What makes a teacher a leader? What helps turn a teacher into a leader? What distinguishes a strong leader who can build set goals and work either alone or with successful teams to achieve them? What is it about some people who are able to get the best out of themselves and others on a regular basis? Why do some people refuse to take on leadership responsibilities or fail when they accept these leadership responsibilities? This chapter will answer these important questions in ways that teachers can use right away to become better leaders.

What Leadership Looks Like…

In order for teachers to become better leaders, teachers must gain a clearer picture of “what leadership looks like.” This chapter paints that picture and assists teachers improve their leadership ability. We have found that having a framework for understanding leadership development is a critical underpinning to improving as a leader. This chapter provides such a leadership framework. This chapter is designed to operate both on the individual level and the organizational level. At the individual level it is our goal to help teachers become better leaders in their classrooms, in their schools and in their lives.

As we stated before, when leaders lead best, they help others become better leaders. We say they increase the leadership culture or the leadership density around them. By assisting individual teachers become better leaders, by assisting teachers who are good leaders to help other teachers just gaining leadership skills and abilities become better leaders, you can expand the leadership density of your educational institution. Just reading and studying a book, a framework, and leadership rubrics, can only be a start in that direction.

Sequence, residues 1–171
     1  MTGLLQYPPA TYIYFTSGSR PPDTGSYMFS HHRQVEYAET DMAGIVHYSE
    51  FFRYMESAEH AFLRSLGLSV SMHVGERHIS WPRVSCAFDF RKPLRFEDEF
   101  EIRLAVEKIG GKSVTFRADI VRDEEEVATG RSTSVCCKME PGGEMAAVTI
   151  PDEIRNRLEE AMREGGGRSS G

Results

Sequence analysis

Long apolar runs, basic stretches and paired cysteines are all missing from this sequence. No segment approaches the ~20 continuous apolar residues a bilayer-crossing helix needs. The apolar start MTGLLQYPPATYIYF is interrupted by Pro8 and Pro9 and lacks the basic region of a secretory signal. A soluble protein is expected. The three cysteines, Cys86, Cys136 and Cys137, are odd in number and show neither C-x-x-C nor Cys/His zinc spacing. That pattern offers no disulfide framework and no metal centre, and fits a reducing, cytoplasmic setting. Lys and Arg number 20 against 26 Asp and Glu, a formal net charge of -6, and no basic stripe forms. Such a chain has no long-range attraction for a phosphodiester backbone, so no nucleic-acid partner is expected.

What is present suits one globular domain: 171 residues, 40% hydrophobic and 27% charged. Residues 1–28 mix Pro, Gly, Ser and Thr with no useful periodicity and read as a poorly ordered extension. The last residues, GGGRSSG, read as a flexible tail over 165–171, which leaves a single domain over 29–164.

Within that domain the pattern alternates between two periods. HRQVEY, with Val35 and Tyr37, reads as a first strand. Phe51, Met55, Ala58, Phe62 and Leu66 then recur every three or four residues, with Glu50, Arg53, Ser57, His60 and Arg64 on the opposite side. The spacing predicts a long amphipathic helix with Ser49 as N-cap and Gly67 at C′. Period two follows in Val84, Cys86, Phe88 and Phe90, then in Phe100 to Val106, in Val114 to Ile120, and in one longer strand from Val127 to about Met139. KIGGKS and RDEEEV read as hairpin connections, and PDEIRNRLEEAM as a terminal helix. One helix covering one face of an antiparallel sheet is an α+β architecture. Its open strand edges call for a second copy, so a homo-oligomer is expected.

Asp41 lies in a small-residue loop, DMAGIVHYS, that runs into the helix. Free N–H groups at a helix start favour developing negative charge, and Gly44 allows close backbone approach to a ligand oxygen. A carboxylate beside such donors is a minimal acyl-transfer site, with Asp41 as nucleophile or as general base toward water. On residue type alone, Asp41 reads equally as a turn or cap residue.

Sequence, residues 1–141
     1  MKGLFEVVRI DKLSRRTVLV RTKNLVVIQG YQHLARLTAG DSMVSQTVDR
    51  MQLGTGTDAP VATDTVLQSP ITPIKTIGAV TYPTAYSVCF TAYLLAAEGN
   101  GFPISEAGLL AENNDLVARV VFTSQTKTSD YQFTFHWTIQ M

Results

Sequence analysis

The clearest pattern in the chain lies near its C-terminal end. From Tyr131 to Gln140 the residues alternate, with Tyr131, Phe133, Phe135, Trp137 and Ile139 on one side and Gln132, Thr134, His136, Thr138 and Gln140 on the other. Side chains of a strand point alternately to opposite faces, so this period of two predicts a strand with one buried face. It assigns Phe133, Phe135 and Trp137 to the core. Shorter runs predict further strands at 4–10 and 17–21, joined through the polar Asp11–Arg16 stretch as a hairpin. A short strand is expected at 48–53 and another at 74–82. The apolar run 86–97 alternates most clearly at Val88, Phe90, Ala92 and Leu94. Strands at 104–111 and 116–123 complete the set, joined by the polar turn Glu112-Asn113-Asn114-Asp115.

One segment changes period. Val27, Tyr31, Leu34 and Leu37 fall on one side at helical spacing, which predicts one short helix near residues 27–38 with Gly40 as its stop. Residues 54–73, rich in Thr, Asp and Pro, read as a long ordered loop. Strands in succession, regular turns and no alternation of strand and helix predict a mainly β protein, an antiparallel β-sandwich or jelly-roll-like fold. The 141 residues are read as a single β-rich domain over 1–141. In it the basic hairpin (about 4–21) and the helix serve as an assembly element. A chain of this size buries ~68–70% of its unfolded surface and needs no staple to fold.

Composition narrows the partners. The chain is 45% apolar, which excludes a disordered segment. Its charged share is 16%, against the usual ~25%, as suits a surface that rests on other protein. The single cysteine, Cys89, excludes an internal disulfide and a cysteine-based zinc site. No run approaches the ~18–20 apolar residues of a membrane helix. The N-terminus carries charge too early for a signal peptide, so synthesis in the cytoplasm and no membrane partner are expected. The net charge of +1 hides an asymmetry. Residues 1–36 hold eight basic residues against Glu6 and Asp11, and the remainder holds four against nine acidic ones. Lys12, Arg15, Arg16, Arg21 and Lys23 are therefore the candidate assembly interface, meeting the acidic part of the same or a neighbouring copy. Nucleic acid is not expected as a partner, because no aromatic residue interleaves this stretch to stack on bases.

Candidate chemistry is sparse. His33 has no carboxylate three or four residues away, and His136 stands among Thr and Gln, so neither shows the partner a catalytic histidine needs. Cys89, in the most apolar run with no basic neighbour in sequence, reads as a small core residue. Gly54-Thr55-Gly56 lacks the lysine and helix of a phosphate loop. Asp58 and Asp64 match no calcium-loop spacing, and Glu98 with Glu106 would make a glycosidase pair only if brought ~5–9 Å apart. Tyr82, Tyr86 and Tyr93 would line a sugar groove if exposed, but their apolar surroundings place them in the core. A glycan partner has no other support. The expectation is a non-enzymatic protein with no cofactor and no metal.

Improved leadership capability, what we call leadership development, requires action learning, real leadership behavior tried in the real world where there are real consequences and real stakes. The exercises we provide throughout this book will assist you in being a better leader in your educational organizational environments and elsewhere throughout your life.

This chapter promotes your success in operating at any level of leadership at any time. In some situations, level one leadership will be sufficient. In other situations you will want to move to level two leadership where you devote enough time to understand everyone’s perspective. In other situations you will want to assist others in becoming better leaders on this issue, a level three action. And, in some matters, you will want to undertake level four leadership and take full responsibility for leading the entire organization to achieve the desired goal.

Leaders always seek to estimate the amount of time any leadership level will take on any matter. Leaders do take on many responsibilities, but not more than they can handle. We know teachers’ schedules are already very busy. But we believe as teachers become better leaders, they can fit additional leadership responsibilities into their working lives.

Leadership at levels three and four require substantial planning. Level four requires identifying and securing the necessary resources to achieve the goal or enrolling someone else who can do that to assist you in taking responsibility for achieving a solution at the organizational level. Teachers can be very effective level one, two, three or four leaders at any time in their career. Leadership does not require seniority. It requires leadership skills and leadership dedication. The remainder of this book is designed to assist teachers in gaining experience as a leader and being able to spot leadership opportunities that others may not see.